Air France-KLM chief executive Ben Smith has a long flight ahead in convincing investors the carrier can raise profitability and regain market share lost to rivals.
Canadian-born Mr Smith yesterday unveiled a five-year plan that would see the airline fatten margins and resume paying a dividend at an unspecified date. The last was in 2008, when the financial crisis ushered in years of losses and strikes.
Investors were unimpressed, however, sending shares down as much as 5.8% in Paris trading.
The “ability to execute” the strategy will be key, Goodbody analysts said in a note, calling for more details on how the CEO plans to narrow the profitability gap between the carrier’s two arms, Air France and KLM, and keep labour unions on board.
With the long-awaited road map, Mr Smith has revealed his ambitions for the carrier, which lags behind British Airways-owner IAG and Lufthansa on a number of financial measures.
When he took the helm more than a year ago, Air France-KLM was reeling from months of labour unrest and deep divisions within its workforce in France.
More recently, lower third-quarter earnings disappointed investors as the economic slowdown, trade tensions and higher fuel costs showed the fragility of a nascent turnaround.
Mr Smith’s new plan will focus on three brands, Air France, KLM and low-cost Transavia, and its hubs in Paris and Amsterdam as well as “pragmatically analysing consolidation opportunities,” according to the statement. IAG on Monday unveiled a plan to acquire Air Europa.
“Consolidation for us is obviously very important,” Mr Smith told analysts, cautioning the company will take a “conservative” financial approach.
The CEO wants Transavia to become the leading low-cost airline in France, where Ryanair and EasyJet have made inroads.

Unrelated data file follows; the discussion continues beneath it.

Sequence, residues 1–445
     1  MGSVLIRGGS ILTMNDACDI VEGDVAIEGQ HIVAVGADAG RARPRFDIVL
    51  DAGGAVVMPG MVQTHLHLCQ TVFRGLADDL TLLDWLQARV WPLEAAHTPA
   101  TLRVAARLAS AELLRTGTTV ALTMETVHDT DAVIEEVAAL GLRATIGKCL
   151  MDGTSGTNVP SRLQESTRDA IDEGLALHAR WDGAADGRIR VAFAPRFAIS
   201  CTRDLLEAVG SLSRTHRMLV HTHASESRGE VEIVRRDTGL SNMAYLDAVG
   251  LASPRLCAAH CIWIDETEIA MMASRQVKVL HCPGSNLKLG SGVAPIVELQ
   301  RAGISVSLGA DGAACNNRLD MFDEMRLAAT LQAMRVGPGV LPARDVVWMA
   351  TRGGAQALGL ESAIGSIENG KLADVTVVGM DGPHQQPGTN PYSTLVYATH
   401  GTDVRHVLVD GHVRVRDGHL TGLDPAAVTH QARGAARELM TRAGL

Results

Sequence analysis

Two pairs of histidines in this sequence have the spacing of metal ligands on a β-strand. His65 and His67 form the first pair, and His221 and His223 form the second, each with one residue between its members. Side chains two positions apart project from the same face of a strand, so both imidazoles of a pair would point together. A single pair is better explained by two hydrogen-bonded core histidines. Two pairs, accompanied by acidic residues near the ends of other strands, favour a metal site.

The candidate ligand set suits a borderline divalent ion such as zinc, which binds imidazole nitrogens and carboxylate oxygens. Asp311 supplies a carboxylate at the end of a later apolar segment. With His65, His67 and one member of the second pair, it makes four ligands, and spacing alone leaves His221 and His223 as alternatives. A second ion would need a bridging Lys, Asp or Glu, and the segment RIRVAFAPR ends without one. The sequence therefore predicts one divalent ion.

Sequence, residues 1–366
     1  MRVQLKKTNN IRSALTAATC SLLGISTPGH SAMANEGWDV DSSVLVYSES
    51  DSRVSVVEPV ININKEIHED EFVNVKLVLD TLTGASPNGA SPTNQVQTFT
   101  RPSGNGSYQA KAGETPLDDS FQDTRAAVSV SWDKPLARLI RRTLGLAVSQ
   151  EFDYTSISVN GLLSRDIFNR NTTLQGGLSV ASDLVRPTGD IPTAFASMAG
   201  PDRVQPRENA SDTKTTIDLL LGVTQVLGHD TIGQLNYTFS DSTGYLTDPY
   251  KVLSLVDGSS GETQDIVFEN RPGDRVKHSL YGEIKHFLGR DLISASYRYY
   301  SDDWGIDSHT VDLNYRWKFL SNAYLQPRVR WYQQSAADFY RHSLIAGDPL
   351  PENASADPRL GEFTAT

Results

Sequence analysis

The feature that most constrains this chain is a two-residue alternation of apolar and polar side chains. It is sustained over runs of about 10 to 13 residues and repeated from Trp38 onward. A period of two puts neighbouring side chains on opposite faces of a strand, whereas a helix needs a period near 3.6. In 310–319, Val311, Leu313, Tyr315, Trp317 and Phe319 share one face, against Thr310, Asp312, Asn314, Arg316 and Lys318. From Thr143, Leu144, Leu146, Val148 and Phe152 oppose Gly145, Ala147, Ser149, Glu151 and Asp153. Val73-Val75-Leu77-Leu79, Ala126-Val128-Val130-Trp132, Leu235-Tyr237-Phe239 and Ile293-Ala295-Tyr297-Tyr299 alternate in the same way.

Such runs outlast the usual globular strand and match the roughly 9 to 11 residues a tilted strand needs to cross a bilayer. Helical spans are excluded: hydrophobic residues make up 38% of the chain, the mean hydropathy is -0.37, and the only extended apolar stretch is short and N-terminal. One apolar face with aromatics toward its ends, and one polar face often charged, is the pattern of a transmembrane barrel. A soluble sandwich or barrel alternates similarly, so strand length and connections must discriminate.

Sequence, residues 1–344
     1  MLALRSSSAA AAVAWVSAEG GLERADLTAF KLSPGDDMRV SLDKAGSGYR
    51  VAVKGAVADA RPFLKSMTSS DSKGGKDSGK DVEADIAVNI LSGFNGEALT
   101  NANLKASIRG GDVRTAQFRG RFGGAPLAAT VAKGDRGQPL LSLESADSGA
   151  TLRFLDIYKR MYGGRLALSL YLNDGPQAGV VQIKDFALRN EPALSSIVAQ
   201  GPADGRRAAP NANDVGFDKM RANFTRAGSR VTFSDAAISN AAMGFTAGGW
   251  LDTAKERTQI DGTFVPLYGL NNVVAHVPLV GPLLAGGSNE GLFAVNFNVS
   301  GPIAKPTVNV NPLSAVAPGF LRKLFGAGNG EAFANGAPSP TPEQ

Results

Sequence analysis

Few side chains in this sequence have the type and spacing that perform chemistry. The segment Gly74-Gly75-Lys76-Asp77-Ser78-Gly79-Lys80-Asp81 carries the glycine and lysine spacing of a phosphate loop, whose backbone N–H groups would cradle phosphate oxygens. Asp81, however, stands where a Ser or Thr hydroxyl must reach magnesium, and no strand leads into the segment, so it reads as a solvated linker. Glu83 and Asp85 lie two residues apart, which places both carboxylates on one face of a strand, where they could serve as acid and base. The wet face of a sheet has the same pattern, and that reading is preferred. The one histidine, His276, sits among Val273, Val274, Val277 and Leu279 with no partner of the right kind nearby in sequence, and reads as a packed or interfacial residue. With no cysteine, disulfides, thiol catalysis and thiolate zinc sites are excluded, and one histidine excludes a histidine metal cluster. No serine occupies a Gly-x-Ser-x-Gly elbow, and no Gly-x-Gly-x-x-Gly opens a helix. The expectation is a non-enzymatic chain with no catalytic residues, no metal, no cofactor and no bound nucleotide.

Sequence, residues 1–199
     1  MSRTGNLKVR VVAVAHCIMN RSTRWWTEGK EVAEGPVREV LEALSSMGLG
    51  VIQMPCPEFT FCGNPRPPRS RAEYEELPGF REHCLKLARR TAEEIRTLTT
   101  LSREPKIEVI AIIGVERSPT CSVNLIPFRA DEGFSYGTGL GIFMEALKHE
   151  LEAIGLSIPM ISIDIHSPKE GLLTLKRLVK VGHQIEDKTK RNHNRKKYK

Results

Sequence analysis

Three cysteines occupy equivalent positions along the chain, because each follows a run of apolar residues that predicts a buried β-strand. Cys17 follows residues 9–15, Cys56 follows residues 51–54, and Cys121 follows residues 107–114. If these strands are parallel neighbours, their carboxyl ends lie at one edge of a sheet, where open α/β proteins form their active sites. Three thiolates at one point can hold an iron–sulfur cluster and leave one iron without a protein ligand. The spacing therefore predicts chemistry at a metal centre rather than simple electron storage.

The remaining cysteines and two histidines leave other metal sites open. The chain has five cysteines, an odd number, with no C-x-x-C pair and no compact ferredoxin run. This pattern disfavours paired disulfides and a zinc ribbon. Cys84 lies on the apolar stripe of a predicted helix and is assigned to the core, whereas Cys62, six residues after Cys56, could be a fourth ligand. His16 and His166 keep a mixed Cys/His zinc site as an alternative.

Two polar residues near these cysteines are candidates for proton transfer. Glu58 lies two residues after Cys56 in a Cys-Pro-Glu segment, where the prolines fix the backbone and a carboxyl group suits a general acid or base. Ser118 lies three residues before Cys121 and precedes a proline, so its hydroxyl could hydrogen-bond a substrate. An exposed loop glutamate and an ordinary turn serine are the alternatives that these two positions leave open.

The goal for an operating margin of 7%-8% compares with the 4.8% achieved in the first nine months of the year. For the first half, it lagged behind IAG and Lufthansa.
Mr Smith has taken a step-by-step approach to reforming the airline, which has a long history of labour unrest that has sometimes turned violent.
He scored early victories by signing agreements and pay rises with French and Dutch unions.
His relative youth and foreign background have distinguished him from past CEOs, who have traditionally come from the country’s elite schools and civil service.
Mr Smith also uses unconventional methods for France. He was able to win the trust of union representatives — tired of conflict and hard-line leaders — and earn plaudits for spending a night out bowling with them.
Among the biggest challenges at Air France-KLM will be repairing frayed relations between the French and Dutch units as well as and balancing shareholder influence by both governments.
Dutch employees have long resented labour strife in France and narrower margins at Air France compared with those at KLM.
The Netherlands stealthily acquired a 14% stake in the carrier in February, matching the French government’s holding.